Ex-labour leader, politician Yvon Charbonneau dies

MONTREAL – Ex-Quebec union leader and Liberal MP Yvon Charbonneau has died at the age of 75.

His former union says Charbonneau passed away peacefully on Friday surrounded by family in a Florida hospital where he’d been since suffering a stroke on April 7.

Charbonneau was born in 1940 in the Laurentians community of Mont-Saint-Michel and spent two different stints at the helm of the Centrale de l’enseignement du Québec, the province’s main teachers’ union.

He served as leader between 1970 and 1978 and again from 1982 to 1988.

In 1972, Charbonneau and fellow union leaders Marcel Pepin and Louis Laberge were ordered jailed for contempt of court for encouraging their members to defy injunctions to return to work during labour strife.

Charbonneau sat in the national assembly as a Liberal in the riding of Bourassa between 1994 and 1997 before representing the federal Liberals in Anjou-Riviere-des-Prairies between 1997 and 2004.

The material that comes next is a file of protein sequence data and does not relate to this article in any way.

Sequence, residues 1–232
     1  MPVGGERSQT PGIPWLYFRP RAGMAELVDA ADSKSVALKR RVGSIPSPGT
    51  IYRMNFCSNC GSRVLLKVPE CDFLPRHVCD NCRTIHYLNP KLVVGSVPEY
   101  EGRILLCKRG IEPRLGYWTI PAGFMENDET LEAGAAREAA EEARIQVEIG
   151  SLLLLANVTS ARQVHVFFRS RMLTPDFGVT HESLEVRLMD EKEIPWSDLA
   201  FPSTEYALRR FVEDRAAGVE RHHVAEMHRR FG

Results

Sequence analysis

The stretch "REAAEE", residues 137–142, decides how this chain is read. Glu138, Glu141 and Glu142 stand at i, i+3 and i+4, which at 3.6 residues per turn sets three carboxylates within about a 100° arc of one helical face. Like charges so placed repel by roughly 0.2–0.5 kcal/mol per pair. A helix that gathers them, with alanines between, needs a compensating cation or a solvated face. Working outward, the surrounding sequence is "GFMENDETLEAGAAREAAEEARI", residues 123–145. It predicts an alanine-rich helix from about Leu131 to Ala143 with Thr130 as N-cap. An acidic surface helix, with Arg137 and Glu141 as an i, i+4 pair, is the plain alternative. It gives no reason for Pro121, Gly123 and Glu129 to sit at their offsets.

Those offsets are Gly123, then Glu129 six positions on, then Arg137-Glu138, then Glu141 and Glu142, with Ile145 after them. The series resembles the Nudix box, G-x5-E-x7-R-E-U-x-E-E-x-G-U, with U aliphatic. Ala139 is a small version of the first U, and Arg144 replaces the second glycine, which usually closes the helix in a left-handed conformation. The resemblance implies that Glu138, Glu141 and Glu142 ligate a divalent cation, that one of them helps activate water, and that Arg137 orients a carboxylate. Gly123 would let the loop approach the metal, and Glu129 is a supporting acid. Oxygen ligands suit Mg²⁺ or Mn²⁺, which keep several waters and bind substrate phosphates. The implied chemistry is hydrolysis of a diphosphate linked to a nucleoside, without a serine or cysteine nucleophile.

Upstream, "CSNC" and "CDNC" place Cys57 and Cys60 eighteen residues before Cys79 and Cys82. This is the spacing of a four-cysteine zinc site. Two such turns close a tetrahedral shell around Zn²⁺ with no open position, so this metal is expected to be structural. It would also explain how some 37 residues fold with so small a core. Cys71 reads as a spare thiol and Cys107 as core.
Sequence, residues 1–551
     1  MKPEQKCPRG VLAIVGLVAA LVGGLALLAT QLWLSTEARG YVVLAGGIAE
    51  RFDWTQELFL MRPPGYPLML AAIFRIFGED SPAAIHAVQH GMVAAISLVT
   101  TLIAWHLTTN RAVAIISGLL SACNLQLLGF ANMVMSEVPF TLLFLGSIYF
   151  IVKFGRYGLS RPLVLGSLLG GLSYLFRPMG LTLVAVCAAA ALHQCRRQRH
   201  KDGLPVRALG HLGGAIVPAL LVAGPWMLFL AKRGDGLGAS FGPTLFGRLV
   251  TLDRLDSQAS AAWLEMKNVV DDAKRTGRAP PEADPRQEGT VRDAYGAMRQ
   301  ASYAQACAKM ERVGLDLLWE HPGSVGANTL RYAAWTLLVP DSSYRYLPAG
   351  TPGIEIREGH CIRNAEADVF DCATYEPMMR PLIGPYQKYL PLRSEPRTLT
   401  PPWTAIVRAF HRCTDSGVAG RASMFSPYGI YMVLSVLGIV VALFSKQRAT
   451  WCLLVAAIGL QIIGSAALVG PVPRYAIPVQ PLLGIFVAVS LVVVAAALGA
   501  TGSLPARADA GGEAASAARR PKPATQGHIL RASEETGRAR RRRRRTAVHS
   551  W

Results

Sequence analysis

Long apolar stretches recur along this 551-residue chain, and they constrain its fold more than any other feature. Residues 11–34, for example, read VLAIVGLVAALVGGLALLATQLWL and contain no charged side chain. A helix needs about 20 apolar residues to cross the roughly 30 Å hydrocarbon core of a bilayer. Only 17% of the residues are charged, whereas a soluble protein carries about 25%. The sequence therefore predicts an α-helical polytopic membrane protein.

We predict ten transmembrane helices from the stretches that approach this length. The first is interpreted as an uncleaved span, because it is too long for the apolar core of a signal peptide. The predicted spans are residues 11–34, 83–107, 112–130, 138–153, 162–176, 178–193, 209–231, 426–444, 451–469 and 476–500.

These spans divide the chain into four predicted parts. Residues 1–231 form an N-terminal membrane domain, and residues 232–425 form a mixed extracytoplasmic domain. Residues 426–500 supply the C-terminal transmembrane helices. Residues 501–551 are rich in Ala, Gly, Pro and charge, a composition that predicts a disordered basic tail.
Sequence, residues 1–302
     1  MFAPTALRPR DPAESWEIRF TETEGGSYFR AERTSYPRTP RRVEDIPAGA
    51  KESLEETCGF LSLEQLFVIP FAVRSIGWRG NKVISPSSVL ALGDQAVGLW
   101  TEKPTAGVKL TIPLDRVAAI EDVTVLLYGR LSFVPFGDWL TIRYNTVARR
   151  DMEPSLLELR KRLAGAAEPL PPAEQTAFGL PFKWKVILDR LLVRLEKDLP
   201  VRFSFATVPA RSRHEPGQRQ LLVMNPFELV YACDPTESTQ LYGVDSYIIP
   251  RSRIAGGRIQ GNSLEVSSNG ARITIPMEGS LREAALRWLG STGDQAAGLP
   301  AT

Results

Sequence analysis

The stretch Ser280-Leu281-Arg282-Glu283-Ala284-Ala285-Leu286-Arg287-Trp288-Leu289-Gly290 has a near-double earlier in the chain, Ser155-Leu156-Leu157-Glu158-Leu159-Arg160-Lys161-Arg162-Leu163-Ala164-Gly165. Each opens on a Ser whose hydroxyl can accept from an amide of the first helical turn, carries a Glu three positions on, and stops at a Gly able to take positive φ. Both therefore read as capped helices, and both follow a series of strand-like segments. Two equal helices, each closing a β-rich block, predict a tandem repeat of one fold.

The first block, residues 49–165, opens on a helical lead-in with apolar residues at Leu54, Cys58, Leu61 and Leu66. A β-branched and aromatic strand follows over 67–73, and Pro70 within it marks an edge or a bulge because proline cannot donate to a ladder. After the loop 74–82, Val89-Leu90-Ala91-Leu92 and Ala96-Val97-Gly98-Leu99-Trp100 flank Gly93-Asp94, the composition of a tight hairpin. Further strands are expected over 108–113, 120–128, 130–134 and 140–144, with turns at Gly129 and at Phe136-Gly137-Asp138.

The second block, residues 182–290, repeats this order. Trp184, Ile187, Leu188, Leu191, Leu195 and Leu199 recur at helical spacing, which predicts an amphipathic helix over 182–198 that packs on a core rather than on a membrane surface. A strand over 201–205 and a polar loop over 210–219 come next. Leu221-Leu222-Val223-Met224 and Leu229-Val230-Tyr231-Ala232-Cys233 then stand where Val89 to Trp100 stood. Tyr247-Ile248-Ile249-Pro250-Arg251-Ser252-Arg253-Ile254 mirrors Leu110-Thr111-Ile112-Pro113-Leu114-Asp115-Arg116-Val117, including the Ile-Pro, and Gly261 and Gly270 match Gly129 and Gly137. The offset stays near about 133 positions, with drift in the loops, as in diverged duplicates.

From 2004 to 2006, he served as Canada’s ambassador to the United Nations Educational, Scientific and Cultural Organization (UNESCO).

In recent years — and right up until his recent hospitalization — Charbonneau had been writing his memoirs, which are due out in a few months.

The Centrale des syndicats du Quebec —as Charbonneau’s former union is known today — praised him in a statement.

“He made a deep impression on our organization and at the same time he helped write an important page in our history,” said union president Louise Chabot.

Daniel Boyer, head of Quebec’s largest labour federation, also lauded Charbonneau.

“In 1972, he…agreed to pay a heavy personal price by going to prison to defend his ideas and the interests of his members and the public during the labour conflict between public-sector employees and the government,” said Boyer of the Quebec Federation of Labour.